Once condensation is ruled out, you have different ways for leakage to happen. Ice dams will allow water to be trapped behind the ice-dam and since shingles are designed to shed water (as opposed to being a true water-proof surface), the water gets between the shingles and onto the deck. Ice and Water shield membrane is supposed to stop this, but it has to be properly applied to work.

Another common cause of leakage is the poor performance of flashings (valley, endwall) and with four dormers, you’ve got plenty of places for sloppy flashing workmanship to show up. Caulking is the short-term answer, but most caulking becomes ineffective after as little as five years. If your problem is caused by poor flashing installation, you can verify this by doing a water test (pour water from a hose into all suspect joints and areas and see if it shows up in the attic or house).

Another cause of leaks is the poor sealing of roof openings (soil pipe/plumbing stack, air vents, etc). Again, the water test will help you figure out if these are to blame.

I’m with Piffin – get yourself a real pro. The really good ones rarely advertise (they don’t have to), and to find them you’ll need to use referrals and/or observing potential roofers in the field. The good ones look professional, act professional, have their licenses and permits, and have good, well-trained workers, and can answer questions without a lot of “umms, ahhs”. Of course, that won’t come cheap, but you already knew that.


SharonSal

07:11AM | 04/05/04
Member Since: 04/02/04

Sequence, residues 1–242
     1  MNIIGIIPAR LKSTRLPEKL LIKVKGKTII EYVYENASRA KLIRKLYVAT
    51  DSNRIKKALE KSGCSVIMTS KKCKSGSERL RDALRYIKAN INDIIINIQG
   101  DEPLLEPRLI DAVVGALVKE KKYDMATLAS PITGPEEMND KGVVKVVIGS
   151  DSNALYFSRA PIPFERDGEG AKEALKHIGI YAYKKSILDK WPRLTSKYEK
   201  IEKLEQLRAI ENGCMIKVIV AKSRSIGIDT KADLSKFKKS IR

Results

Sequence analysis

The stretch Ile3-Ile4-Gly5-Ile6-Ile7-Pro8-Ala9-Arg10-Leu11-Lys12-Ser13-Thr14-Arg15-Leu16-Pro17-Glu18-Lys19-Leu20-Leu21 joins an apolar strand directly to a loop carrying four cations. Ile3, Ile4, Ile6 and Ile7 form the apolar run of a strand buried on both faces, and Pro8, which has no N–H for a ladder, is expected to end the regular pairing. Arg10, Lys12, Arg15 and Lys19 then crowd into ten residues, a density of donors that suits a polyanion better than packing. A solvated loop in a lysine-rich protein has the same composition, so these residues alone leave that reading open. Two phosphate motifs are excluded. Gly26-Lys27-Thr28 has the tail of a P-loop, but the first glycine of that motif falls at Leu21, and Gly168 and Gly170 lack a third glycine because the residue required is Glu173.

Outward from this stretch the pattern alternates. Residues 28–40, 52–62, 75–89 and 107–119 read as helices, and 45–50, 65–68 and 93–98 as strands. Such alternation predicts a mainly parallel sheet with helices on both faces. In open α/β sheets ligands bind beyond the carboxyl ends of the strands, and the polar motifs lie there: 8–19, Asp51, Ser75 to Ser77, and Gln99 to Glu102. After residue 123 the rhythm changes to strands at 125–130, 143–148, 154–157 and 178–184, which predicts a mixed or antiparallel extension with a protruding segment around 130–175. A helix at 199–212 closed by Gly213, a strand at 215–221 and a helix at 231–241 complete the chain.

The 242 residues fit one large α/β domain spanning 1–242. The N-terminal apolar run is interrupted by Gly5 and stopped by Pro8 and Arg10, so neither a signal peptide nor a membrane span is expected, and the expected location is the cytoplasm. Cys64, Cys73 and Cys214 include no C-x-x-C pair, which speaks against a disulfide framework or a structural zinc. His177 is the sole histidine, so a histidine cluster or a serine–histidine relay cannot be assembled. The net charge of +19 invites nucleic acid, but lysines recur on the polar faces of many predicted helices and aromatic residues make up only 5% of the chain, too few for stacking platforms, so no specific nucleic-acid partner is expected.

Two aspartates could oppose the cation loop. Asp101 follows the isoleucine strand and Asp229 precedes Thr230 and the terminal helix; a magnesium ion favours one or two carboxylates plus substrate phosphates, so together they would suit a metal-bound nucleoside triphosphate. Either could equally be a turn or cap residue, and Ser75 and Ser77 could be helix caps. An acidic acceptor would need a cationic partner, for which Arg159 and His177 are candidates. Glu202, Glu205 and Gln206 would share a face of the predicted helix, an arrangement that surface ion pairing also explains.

3 lifetime posts
I was reading something on line this morning about a product called Combination Ventilation and Drip Edge System. Has anyone ever used this or a similar product to provide air flow into an attic with no overhangs? An insulation contractor also told me that the loose insulation that is stuffed into the corners all around my attic is not letting any air flow through. I need to install some sort of baffles between the joists and then add the insulation.YET ANOTHER insulation contractor told me to leave the insulation there because there are no overhangs outside and installing those baffles would not do a thing. In other words, if there are no overhangs and soffits, what is the point of installing baffles in the attic for air flow if there is no air coming in along the wall? Thats why I thought of those ventilation and drip enge things.Why do so many contractors and roofers disagree with one another and who are we supposed to believe? Whats a girl to do?????

pgriz

09:40AM | 04/05/04
Member Since: 01/21/03
66 lifetime posts
Sharon,

IF you have ventilated soffits in your eaves, then you need to provide an air channel to allow the incoming air to move into the attic. The baffles work by keeping open an air channel and pushing back the insulation. However, no soffit, no need for baffles.

I am not familiar with the specific product/ventilation system you mention, but in principle, it should work, providing that there's no way for water or other bad stuff to get into the ventilation holes. If there are gutters close to where the vent holes would be, then there's a potential problem.